In Table 2, the cited literature is synthesized through four perspectives (from one to many customers and from one to many companies) in the columns and different dimensions (based on (Zott et al., 2011)) in the rows. We added two dimensions to the existing dimensions to reflect dynamics with a future perspective (changes in customer values and activities for development and management).

Structure of customer value

Values for one customer

Values for many customers

Values for one company

Values for many companies

Main purpose (why the customer value concept is offered)

To describe antecedents of customer values. To offer taxonomies (to which class does an observed customer value belong to?)

To understand and construct components of customers' values converted into market customers

To explain how customer value is converted into company performance

To explain how customer value is converted into corporate performances

What customer value is not (limited to)

Customer values (Kahle & Xie, 2008). Customer needs and wants (Ulwick, 2005)

Product or service attributes (Spiteri & Dion, 2004). Price and quality (Gale, 1994; Monroe & Chapman, 1987). Adoption decisions (Rogers, 2003)

Lean thinking (Hines, Holweg & Rich, 2004). Agile manufacturing (Hooper, Steeple & Winters, 2001)

Value proposition (Anderson, Naru & Van Rossum, 2006). Brand value (Christopher, 1996)

Antecedents of customer values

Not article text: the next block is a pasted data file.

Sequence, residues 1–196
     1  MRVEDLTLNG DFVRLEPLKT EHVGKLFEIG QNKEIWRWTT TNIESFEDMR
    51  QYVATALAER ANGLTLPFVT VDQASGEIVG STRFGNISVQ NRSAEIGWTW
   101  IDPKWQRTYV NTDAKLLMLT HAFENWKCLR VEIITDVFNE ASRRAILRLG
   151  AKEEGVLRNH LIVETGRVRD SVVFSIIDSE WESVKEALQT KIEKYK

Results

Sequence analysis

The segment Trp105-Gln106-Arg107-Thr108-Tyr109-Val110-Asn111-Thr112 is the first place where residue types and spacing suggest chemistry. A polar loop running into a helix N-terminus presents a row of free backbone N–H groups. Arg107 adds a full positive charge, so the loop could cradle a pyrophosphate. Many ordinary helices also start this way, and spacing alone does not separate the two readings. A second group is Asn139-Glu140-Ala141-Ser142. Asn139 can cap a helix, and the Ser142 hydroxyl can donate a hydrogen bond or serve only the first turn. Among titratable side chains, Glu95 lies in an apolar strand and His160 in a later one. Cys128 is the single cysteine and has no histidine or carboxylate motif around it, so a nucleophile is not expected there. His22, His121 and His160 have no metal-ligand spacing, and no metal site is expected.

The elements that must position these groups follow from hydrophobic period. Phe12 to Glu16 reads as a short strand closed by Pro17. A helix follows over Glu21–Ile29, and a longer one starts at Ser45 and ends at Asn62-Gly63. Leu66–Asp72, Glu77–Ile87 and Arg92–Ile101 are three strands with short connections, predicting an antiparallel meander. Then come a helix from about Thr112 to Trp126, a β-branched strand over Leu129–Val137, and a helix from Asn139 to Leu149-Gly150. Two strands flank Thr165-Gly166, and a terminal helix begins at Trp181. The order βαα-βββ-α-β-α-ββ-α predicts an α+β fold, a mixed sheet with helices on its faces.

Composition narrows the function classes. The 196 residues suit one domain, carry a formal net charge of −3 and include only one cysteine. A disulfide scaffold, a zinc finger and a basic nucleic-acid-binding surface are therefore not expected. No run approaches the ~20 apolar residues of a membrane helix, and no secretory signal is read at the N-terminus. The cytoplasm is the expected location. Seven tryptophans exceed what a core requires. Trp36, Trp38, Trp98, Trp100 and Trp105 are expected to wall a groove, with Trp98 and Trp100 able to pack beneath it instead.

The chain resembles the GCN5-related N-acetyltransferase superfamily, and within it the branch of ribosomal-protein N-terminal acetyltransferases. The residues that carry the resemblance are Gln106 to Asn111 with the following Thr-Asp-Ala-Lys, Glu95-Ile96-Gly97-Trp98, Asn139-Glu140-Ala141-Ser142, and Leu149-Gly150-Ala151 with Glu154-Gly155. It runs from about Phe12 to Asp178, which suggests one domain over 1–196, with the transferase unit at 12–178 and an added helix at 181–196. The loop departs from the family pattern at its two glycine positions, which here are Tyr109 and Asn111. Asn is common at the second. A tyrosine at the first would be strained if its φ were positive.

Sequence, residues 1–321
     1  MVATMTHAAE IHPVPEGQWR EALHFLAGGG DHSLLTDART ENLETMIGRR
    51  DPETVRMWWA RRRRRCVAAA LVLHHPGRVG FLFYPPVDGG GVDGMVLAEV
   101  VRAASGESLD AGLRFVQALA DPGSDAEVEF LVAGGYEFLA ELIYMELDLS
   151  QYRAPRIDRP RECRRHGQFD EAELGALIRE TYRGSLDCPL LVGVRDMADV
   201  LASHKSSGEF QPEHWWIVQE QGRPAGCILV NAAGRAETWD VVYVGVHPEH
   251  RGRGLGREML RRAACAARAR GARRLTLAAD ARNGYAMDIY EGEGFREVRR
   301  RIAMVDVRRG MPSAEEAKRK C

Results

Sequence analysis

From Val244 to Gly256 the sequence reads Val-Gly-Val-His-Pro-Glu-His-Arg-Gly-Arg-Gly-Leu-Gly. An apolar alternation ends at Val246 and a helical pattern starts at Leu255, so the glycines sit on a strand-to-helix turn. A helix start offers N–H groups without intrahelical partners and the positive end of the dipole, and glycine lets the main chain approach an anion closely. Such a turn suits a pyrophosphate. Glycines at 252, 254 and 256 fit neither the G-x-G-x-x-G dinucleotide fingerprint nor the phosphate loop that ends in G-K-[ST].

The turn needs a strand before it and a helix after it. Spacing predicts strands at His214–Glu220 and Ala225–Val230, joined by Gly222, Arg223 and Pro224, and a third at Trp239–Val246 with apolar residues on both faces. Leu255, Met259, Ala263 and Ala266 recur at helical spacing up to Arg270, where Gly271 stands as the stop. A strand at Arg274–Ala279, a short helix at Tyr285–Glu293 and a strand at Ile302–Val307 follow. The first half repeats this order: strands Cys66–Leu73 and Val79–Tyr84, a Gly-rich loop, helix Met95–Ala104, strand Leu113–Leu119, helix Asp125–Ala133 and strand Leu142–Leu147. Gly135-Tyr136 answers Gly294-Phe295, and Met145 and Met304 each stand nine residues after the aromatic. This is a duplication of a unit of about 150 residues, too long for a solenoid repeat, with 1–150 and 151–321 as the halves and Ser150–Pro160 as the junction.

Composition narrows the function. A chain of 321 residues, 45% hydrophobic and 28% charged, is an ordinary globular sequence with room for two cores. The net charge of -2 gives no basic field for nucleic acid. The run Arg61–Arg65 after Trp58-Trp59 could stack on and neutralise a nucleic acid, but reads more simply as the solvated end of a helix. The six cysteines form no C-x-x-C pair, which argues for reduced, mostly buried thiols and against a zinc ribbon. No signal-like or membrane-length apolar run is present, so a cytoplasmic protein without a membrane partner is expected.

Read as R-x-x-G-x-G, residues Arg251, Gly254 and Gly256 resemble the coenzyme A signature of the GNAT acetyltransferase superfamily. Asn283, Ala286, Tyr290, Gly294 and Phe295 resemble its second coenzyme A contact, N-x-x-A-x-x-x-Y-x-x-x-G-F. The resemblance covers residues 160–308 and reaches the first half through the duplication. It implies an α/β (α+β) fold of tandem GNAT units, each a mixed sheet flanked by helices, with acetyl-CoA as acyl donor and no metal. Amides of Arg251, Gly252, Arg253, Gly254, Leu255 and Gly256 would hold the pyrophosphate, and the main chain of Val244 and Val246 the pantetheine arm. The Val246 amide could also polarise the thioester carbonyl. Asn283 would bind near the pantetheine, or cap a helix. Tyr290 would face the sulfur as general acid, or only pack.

Terminal values (Kahle & Xie, 2008; Hsu & Lin, 2006). Expectations, experience, evaluation (Fellows, 2004; Egidi, Nusbaum & Cacioppo, 2008)

Derived value for customer (Woodall, 2003). Customer lifetime value (Bolton, Lemon & Verhoef, 2004; Stahl, Matzer & Hinterhuber, 2003)

Antecedent of customer value, such us competence, investments (Spiteri & Dion, 2004). Total quality management (Hsu & Lin, 2006)

Value (measures the return to investors and other stake holders) (Applegate, 2001). Sales contests (Garret & Gopalakrishna, 2010)

Mechanisms through which customer values influence outcomes

Means-end elements (Hsu & Lin, 2006). User acceptance (Davis, 1989). Values and life style (Kahle, Beatty & Homer, 1986)

Value for the customer forms (Woodall, 2003). Diffusion of innovation (Rogers, 2003)

Understanding, creating and delivering value (Anderson & Narus, 1999). Relationship marketing (Ravald & Grönroos, 1996)

Business models (Zott, Amit & Massa, 2011; Chesbrough & Rosenbloom, 2002). The value chain (Porter, 1991). Ecosystems (Adner

& Kapoor, 2010)

Outcomes and consequences of customer values

Customer satisfaction (Woodruff & Gardial, 1996). Customer delight (Rust & Oliver,2000). Loyalty (Oliver, 1996). Customer behaviour (Sheth & Mittal, 2004)

Sacrifices and benefits incl. Attributes and outcomes (Woodall, 2003). Relationship value (Payne & Holt, 2001; Howden & Pressey, 2008)

Return to customer (Peppers & Rogers, 2005). Corporate performance (Sheth & Mittal, 2004)

Competitive advantage (Parasuraman, 1997). Base, growth, networking and learning potentials (Stahl, Matzler & Hinterhuber, 2003)

Changes in customer values

Social values and social change (Kahle, Beatty & Homer, 1986)

Predicting customer value chances (Woodruff & Gardial, 1996)

Organizational change (Goodstein & Butz, 1998)

Triggers (Flint, Woodruff & Gardial, 1997)

Developing and managing example activities for customer values

Understanding magnitude of rewards (Fellows, 2004; Holbrook, 2005; Ulwick, 2005). Managing rewards as goals (Baumgartner & Pieters, 2008)

Relationship value management (Payne & Holt, 2001)

Inter-firm relational drivers of customer lifetime value with shareholder value (Stahl, Matzler & Hinterhuber, 2003)